So, given what’s been going on in the news lately, you could be forgiven for not reading this handy-dandy users guide to creative-types that popped up a few days ago. It’s an interesting read, if only for the impressive shade of excrement it provides.
It should be noted that the author is (a) probably attempting to sell a service to corporate-types, and (b) likely generalizing as a means to accomplishing (a). Nonetheless, said generalizing is annoying, especially if you happen to be one of those kooky creative types that he’s generalizing.
As such, there is one key point that I, being one of the aforementioned creative types, would like to address in a civil, if pragmatic manner.
“Pay Them Poorly”
This is a prevalent meme. A reoccurring concept that rises up whenever someone–be it an editor, a corporate client, DC comics, pirate downloaders or Amanda Palmer–wants as much as they can get for as little as they can get away with paying. The creative as Santa Claus, providing gifts to all and sundry. Art for art’s sake, the book that must be written, information wants to be free, payment in exposure, all that jazz.
In and of itself, wanting something for nothing is not a crime. But you get what you pay for.
Paying me poorly does not increase my creativity. Quite the opposite, in fact. When I approach a job, be it a tie-in novel, a short story submission, or a travel brochure, my first consideration is how doing said job will benefit me. Is the money good? If not, what else do I get out of it? If the answer is, respectively, ‘no’ and ‘nothing’, I don’t do the job. I find another one. One of the perks of being a freelance writer is that I’m free to do just that.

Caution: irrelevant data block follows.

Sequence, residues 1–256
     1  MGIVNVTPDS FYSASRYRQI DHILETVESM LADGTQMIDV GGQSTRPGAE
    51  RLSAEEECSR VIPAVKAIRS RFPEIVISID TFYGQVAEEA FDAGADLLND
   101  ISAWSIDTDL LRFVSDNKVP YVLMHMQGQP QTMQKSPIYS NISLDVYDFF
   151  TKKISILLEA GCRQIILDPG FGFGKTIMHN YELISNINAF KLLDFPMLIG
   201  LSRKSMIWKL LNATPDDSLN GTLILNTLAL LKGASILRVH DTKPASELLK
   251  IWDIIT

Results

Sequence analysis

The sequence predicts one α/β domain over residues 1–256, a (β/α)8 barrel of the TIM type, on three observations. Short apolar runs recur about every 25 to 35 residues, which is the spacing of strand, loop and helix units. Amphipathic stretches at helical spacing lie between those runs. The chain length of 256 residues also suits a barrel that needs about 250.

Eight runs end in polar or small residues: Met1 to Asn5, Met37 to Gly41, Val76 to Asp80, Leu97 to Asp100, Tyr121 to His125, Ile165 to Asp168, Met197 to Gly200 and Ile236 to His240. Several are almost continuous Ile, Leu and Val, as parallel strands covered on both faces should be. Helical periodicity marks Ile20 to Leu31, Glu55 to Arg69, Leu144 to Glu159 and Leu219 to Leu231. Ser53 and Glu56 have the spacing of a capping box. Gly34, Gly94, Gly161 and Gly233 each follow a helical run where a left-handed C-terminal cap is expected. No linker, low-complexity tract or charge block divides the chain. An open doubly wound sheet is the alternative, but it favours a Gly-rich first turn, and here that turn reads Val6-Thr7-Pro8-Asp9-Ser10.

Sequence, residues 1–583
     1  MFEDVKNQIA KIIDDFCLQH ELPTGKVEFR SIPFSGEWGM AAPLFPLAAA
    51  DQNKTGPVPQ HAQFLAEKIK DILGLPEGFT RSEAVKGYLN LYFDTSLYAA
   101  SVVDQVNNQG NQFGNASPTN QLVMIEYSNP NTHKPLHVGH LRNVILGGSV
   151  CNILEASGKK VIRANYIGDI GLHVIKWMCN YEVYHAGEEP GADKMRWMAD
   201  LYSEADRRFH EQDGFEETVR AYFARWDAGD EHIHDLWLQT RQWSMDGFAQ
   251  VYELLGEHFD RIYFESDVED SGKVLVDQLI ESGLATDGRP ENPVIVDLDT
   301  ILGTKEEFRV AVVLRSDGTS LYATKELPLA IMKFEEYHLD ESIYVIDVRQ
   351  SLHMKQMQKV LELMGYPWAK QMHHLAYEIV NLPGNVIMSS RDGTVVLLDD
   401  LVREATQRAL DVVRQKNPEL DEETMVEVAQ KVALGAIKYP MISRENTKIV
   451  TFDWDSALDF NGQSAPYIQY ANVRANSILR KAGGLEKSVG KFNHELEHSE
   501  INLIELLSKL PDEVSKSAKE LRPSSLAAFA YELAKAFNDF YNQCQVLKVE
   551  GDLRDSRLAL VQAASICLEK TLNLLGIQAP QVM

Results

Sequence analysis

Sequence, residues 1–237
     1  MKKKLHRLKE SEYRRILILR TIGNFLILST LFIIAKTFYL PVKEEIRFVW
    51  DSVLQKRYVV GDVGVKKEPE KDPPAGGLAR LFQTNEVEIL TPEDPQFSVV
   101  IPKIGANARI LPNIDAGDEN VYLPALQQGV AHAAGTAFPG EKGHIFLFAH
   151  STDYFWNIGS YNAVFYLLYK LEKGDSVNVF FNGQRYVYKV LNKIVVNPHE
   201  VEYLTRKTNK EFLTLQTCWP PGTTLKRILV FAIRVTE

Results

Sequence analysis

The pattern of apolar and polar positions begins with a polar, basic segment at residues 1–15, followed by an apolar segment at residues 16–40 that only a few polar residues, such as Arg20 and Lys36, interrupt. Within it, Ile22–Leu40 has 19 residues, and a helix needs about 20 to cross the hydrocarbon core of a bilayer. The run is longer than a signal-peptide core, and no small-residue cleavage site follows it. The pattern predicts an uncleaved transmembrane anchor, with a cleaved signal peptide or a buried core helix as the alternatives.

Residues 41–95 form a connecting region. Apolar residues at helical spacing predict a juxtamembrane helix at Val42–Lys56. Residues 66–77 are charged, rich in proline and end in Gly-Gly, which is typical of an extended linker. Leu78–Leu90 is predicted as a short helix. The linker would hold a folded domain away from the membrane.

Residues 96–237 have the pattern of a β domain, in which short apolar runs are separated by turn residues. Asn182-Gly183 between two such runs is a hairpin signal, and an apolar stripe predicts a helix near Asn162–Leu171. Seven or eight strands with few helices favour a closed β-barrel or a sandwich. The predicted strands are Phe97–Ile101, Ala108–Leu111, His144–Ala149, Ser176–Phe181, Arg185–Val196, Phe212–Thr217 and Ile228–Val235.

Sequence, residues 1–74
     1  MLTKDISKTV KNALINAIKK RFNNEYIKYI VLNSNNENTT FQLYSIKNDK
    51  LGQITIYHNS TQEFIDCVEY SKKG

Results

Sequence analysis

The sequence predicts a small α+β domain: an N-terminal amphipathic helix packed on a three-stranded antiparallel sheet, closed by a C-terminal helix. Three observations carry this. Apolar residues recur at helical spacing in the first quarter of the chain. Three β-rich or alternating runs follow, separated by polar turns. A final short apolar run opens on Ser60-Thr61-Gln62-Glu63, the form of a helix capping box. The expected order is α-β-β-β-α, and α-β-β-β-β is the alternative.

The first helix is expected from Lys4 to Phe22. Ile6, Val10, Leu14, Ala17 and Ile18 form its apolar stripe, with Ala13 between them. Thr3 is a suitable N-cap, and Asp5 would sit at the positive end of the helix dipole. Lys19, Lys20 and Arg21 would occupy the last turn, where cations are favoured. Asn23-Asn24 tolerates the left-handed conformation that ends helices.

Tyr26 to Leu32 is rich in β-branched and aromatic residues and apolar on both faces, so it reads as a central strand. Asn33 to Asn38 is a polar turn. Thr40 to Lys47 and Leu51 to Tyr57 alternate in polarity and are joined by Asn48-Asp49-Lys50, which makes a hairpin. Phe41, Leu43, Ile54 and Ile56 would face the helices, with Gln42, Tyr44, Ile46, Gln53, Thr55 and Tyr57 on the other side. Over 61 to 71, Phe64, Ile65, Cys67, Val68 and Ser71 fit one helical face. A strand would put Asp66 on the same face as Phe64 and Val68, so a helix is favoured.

One of the downsides is, of course, that I invariably have to do that a lot. Because brother, there are a lot of folks out there wanting my best work and first international rights for a hearty handshake and the promise of twenty five copies sold worth of exposure.
That said, ‘payment’ can come in a plethora of forms. Money is the best, in my view, but there are other valid forms, depending on your needs. Is it a project/editor/cause you want to be attached to? Are there potential professional connections to be made? Will a freebie here lead to money later? Is it a form of guerilla marketing that will benefit you?
Basically, the payment should always be equal to the job, in your view. You, as the writer/artist/musician/whatever, should always endeavour to be paid in full, to your satisfaction. If that’s five cents a word, great. If it’s in page views or advertising revenue, or the promise of at least twenty-five new readers, more power to you. But always–ALWAYS–get paid, and paid well, for your effort.
Don’t let someone ‘pay you poorly’ because ‘it’s supposed to stimulate creativity’ or because ‘you should be doing what you love for the love’. Don’t let others dictate your worth. That’s your job. It may take you time, trial and a whole lot of error to determine said worth, but you’ll figure it out eventually.
That’s the theory, at any rate.